From an interesting sounding panel on government IT:
“We do discovery on a small chunk and then development, and then while that’s going on, we’re starting discovery on the next small chunk, and so on and so forth,” Smith said. “And then when the development is done, we loop back and we do user testing on that piece that’s done. But we don’t release it. That’s … one of the differences between agile and the way we did it. At the end of the phase we release everything.”
Also, some fun notes on consolidating legacy systems and resistance to going agile.
On the contrary, as this book will argue, the digital revolution is very much like the industrial revolution. And the experience of the industrial revolution tells us that society must go through a period of wrenching political change before it can agree on a broadly acceptable social system for sharing the fruits of this new technological world. It is unfortunate, but those groups that benefit most from the changing economy tend not to willingly share their riches; social change occurs when losing groups find ways to wield social and political power, to demand a better share. The question we ought to be worried about now is not simply what policies need to be adopted to make life better in this technological future, but how to manage the fierce social battle, only just beginning, that will determine who gets what and by what mechanism.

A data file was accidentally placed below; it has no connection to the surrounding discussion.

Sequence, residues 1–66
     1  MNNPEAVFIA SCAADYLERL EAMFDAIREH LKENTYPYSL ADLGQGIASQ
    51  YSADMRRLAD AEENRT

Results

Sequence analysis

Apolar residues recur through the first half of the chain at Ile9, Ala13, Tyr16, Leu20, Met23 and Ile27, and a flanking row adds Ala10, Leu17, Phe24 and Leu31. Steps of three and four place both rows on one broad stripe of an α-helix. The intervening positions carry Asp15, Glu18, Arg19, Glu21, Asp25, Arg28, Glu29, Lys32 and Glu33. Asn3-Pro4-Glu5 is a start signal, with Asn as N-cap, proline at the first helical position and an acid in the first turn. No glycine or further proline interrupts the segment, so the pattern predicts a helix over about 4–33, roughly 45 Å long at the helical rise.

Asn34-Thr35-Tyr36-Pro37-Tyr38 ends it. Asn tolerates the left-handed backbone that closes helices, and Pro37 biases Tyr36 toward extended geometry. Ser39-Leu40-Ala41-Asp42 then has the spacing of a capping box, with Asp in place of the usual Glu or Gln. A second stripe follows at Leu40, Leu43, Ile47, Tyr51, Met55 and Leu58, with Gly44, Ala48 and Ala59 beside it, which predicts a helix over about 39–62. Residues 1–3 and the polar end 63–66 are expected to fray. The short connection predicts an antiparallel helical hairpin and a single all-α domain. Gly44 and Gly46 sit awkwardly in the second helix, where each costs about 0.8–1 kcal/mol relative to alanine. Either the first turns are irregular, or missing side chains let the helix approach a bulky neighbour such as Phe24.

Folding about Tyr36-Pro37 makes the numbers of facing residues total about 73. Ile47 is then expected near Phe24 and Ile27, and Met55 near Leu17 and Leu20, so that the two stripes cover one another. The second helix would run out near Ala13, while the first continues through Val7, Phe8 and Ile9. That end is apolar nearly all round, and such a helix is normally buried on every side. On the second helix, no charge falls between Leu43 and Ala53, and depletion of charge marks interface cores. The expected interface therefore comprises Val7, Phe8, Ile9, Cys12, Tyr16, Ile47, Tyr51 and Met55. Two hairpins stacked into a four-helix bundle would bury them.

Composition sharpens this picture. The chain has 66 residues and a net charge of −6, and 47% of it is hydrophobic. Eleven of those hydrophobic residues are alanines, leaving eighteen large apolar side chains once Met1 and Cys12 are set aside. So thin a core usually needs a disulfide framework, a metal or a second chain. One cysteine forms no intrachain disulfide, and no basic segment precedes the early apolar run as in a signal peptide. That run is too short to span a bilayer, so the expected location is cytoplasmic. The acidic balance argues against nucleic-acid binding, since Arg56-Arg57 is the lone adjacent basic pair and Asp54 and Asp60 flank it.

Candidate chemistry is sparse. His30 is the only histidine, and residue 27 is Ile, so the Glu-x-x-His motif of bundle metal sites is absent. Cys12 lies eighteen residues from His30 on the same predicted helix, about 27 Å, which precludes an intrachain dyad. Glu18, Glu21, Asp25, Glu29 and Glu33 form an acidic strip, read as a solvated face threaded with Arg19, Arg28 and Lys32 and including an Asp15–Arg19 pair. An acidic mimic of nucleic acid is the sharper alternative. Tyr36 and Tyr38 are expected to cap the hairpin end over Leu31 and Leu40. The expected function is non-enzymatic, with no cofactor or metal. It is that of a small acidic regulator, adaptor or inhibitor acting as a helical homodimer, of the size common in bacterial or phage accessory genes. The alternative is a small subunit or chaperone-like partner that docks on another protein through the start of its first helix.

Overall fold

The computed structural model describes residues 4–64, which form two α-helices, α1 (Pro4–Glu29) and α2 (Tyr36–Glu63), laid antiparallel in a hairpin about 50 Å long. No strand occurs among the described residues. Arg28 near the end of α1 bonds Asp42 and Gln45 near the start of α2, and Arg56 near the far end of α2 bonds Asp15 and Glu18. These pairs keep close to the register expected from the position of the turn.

Underlying the problem is rich people putting all their money under the mattress. Their wealth isn’t flowing down to the rest of the people. These wealthy folks have worked hard, and feel like they’re owed all that money (rather than having taken away by high taxes and redistributed); or, at least, they feel others are not deserving.
However, as the book goes into say, this mind-set ignores how a functioning society enables that success in the first place, and now sustains it:
A makers-and-takers conception of the world is one that neglects the social foundation on which wealth is built. We aren’t merely divided into makers and takers. We are participants in societies, operating according to a broad social consensus. When that consensus breaks down, the wealth goes away. Society either agrees a way to share its riches that most members find acceptable, or the system fractures and the social wealth available to everyone shrinks.
Source: The Wealth of Humans: Work, Power, and Status in the Twenty-first Century by Ryan Avent.
By making it easy for people to buy movie tickets online or through a smartphone app, Fandango has experienced breakneck growth over the last two years. A couple of taps and presto! The seats are yours.
And on the “omni-channel,” even cyberspace has lots of omni:
“Consumers, particularly young ones, find it inconvenient to hop into different silos to get something done,” she said. “They want it all in one place. That sounds obnoxious, I know — the definition of a ‘first-world problem’ — but it’s true, and Fandango is solving it for them.”
Buy Movie Tickets on Facebook? Fandango Makes It Possible
In the first quarter of this year, Uber lost about $520 million before interest, taxes, depreciation and amortization, according to people familiar with the matter. In the second quarter the losses significantly exceeded $750 million, including a roughly $100 million shortfall in the U.S., those people said. That means Uber’s losses in the first half of 2016 totaled at least $1.27 billion.